Thyroid hormones have an important role in fostering tumour progression, however their upstream regulators are less clear. Here, the authors identify the thyroid hormone activating enzyme type 2 deiodinase as a p53 target gene and demonstrate its contribution to tumour progression in p53 mutant squamous cell carcinoma.The Thyroid Hormone (TH) activating enzyme, type 2 Deiodinase (D2), is functionally required to elevate the TH concentration during cancer progression to advanced stages. However, the mechanisms regulating D2 expression in cancer still remain poorly understood. Here, we show that the cell stress sensor and tumor suppressor p53 silences D2 expression, thereby lowering the intracellular THs availability. Conversely, even partial loss of p53 elevates D2/TH resulting in stimulation and increased fitness of tumor cells by boosting a significant transcriptional program leading to modulation of genes involved in DNA damage and repair and redox signaling. In vivo genetic deletion of D2 significantly reduces cancer progression and suggests that targeting THs may represent a general tool reducing invasiveness in p53-mutated neoplasms.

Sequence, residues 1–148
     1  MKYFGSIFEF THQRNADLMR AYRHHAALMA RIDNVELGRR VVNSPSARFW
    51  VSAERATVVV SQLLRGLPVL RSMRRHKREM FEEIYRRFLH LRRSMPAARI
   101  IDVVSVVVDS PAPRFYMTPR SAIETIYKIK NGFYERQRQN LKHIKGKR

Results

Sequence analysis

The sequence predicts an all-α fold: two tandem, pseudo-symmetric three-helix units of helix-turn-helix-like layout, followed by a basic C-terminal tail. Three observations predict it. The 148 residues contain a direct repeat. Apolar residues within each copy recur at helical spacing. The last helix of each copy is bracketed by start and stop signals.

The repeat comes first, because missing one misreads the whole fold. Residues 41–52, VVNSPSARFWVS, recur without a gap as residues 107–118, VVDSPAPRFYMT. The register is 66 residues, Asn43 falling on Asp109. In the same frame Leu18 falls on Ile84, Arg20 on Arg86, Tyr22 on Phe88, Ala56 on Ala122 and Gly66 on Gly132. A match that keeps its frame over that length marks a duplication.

Loss of p53 activates thyroid hormone via type 2 deiodinase and enhances {DNA} damage

Elena Abbotto;
2023-01-01

Abstract

Thyroid hormones have an important role in fostering tumour progression, however their upstream regulators are less clear. Here, the authors identify the thyroid hormone activating enzyme type 2 deiodinase as a p53 target gene and demonstrate its contribution to tumour progression in p53 mutant squamous cell carcinoma.The Thyroid Hormone (TH) activating enzyme, type 2 Deiodinase (D2), is functionally required to elevate the TH concentration during cancer progression to advanced stages. However, the mechanisms regulating D2 expression in cancer still remain poorly understood. Here, we show that the cell stress sensor and tumor suppressor p53 silences D2 expression, thereby lowering the intracellular THs availability. Conversely, even partial loss of p53 elevates D2/TH resulting in stimulation and increased fitness of tumor cells by boosting a significant transcriptional program leading to modulation of genes involved in DNA damage and repair and redox signaling. In vivo genetic deletion of D2 significantly reduces cancer progression and suggests that targeting THs may represent a general tool reducing invasiveness in p53-mutated neoplasms.
File in questo prodotto:
Non ci sono file associati a questo prodotto.

I documenti in IRIS sono protetti da copyright e tutti i diritti sono riservati, salvo diversa indicazione.

Utilizza questo identificativo per citare o creare un link a questo documento: https://hdl.handle.net/11567/1117300
 Attenzione

Attenzione! I dati visualizzati non sono stati sottoposti a validazione da parte dell'ateneo

Citazioni
  • ???jsp.display-item.citation.pmc??? 0
  • Scopus 11
  • ???jsp.display-item.citation.isi??? 10
social impact